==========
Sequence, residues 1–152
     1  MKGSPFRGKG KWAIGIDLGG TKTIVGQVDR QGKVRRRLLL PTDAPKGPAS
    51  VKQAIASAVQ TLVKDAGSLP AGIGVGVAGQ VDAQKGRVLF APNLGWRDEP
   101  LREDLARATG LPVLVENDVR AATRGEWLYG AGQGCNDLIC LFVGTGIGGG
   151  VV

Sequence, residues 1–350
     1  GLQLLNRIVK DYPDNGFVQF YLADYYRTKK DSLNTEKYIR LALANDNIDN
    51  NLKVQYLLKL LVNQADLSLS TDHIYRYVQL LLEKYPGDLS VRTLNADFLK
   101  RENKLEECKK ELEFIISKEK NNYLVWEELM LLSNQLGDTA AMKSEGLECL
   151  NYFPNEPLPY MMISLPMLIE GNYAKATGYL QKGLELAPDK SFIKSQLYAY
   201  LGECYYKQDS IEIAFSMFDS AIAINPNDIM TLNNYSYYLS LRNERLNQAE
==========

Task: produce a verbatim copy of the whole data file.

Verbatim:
Sequence, residues 1–152
     1  MKGSPFRGKG KWAIGIDLGG TKTIVGQVDR QGKVRRRLLL PTDAPKGPAS
    51  VKQAIASAVQ TLVKDAGSLP AGIGVGVAGQ VDAQKGRVLF APNLGWRDEP
   101  LREDLARATG LPVLVENDVR AATRGEWLYG AGQGCNDLIC LFVGTGIGGG
   151  VV

Sequence, residues 1–350
     1  GLQLLNRIVK DYPDNGFVQF YLADYYRTKK DSLNTEKYIR LALANDNIDN
    51  NLKVQYLLKL LVNQADLSLS TDHIYRYVQL LLEKYPGDLS VRTLNADFLK
   101  RENKLEECKK ELEFIISKEK NNYLVWEELM LLSNQLGDTA AMKSEGLECL
   151  NYFPNEPLPY MMISLPMLIE GNYAKATGYL QKGLELAPDK SFIKSQLYAY
   201  LGECYYKQDS IEIAFSMFDS AIAINPNDIM TLNNYSYYLS LRNERLNQAE